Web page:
On Nov. 19, Freedom, a 23-year-old experiencing homelessness, slept in a warm bed at Covenant House Illinois, a nonprofit that provides shelter, food and immediate crisis care to youth. Vic Mensa, a Grammy Award-nominated rapper and Hyde Park-Kenwood native, slept on the sidewalk in Bronzeville outside of his nonprofit organization, SaveMoneySaveLife, 515 E. 47th St., which seeks to use art and entertainment to foster sustainable change.

Mensa could have slept in a bed. Instead, to support Covenant House Illinois and Covenant House International, he participated in the 2020 Sleep Out, a one-night event during which volunteers sleep on their floors, patios or outside to raise funds and awareness for young people experiencing homelessness. 

Before the start of a candlelight vigil along 47th Street to begin the Sleep Out, Mensa said, “It’s easy to take what we have for granted, you know, being able to have a warm coat or a roof over your head and new shoes. But on a daily basis, we are confronted by those who don’t have those luxuries.” 

The night was crisp and windy, but nowhere near the frigid temperatures that some of the 16,580 unaccompanied youth experiencing homelessness, according to the Chicago Coalition for the Homeless (CCH), may soon face. CCH, a nonprofit that advocates for public policies that curb and can end homelessness, categorizes youth as people aged 24 or younger. 

There are 76,998 people in Chicago experiencing homelessness, states CCH, That number includes 1,040 youth who live on the streets and in shelters, while also counting those who are doubled-up, or temporarily staying with friends, family and acquaintances. 

While the majority of these young people aren’t sleeping outside every night, doubled-up living situations carry their own challenges. “The instability that’s created in people’s lives, particularly youth, by not having a stable place to live is catastrophic. It interrupts all stability: the ability to finish school, get enough to eat, access employment,” said Mary Frances Charlton, a youth health attorney at CCH.

For the past three months, Freedom has slept in one of the estimated 375 beds in Chicago designated for youth experiencing homelessness, according to CCH. Covenant House Illinois has reached over 800 youth experiencing homelessness since 2017, and all of its 12 beds are full every night, states Covenant House Illinois. (Residents are allowed to stay at Covenant House Illinois for up to four months.)

Freedom came to Covenant House Illinois after his sister was killed by gun violence. “I’m trying to work on my mental state and overcome intercommunal violence that’s going on in my neighborhood and throughout the inner city,” he said.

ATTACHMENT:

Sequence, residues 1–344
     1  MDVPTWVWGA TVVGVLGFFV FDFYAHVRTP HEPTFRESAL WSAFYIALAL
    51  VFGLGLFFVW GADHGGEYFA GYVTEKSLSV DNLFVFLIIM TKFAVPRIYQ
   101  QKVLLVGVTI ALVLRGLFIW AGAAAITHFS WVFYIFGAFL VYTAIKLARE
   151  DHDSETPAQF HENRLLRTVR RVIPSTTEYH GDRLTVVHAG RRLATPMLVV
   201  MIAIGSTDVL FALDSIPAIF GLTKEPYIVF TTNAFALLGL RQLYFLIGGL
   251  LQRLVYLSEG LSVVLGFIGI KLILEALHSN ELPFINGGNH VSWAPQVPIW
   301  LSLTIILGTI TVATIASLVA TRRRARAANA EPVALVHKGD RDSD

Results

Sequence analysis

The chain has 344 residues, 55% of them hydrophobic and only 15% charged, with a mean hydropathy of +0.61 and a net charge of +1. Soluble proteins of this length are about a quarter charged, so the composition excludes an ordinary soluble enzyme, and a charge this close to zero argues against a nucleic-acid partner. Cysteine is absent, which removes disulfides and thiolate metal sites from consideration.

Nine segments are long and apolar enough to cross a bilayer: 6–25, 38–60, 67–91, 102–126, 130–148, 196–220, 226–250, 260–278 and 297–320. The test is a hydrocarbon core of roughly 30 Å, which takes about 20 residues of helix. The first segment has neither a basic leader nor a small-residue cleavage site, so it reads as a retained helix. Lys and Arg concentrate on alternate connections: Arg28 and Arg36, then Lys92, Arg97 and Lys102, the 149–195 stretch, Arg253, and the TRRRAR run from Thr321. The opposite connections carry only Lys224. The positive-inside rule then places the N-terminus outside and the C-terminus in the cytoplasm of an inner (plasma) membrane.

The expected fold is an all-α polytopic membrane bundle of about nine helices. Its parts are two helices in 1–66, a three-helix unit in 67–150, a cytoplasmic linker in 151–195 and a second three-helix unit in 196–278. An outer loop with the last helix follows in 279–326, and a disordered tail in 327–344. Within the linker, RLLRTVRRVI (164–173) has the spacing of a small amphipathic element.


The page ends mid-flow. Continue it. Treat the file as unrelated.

Freedom is enrolled at the Youth Connection Leadership Academy, a charter school in Bronzeville that offers people the chance to return to school and obtain their high school diploma. “I’m studying to be a chiropractor, to learn how to heal the body,” he said. 

Freedom is one of many people who have sought shelter amid the COVID-19 pandemic, which has been challenging for people experiencing homelessness, according to Judith Coleman, the major gifts officer at Covenant House Illinois. “Think about this: How can you shelter in place when you have no shelter? How can you wash your hands frequently during the day when you don’t have a home?” Coleman said.

Charlton said there was still no concrete data on how the COVID-19 pandemic has affected homeless rates, but the prognosis is grim. “What we’re hearing from our provider partners in the community is that their services are being sought at an increased level and that youth homelessness is going up.”

And the pandemic’s effect on homeless rates may spike soon, Charlton said. “I think that we’re really at risk of seeing a serious uptick in homelessness if the eviction moratorium goes away.” 

Charlton was referring to the statewide moratorium on evictions put in place by Gov. J.B. Pritzker this spring. But the governor’s latest extension, issued via executive order on Nov. 13, states eviction protections apply only to those who are “unable to make a full rent or housing payment due to a COVID-19 related hardship including, but not limited to, substantial loss of income, loss of compensable hours of work or wages, or an increase in out-of-pocket expenses directly related to the COVID-19 pandemic.” Thus, Charlton said, the eviction moratorium doesn’t protect people unable to relate their circumstances directly to the COVID-19 pandemic. 

Charlton, who is part of CCH’s Law Project, which offers free legal services to more than 500 people annually, also said this year has presented plenty of unique challenges for her clients. 

“The means (for my clients) to manage their public benefits have been limited, necessarily, because the offices that they usually go to have had to close. It’s just really thrown off the rhythm of how people usually manage the things that they need to stay alive,” she said. 

On March 19, as the COVID-19 pandemic reached Illinois, the Illinois Department of Human Services announced most of its offices would close temporarily. Today, according to the Illinois Department of Human Services website, many offices remain temporarily closed, though services are available over the phone and internet.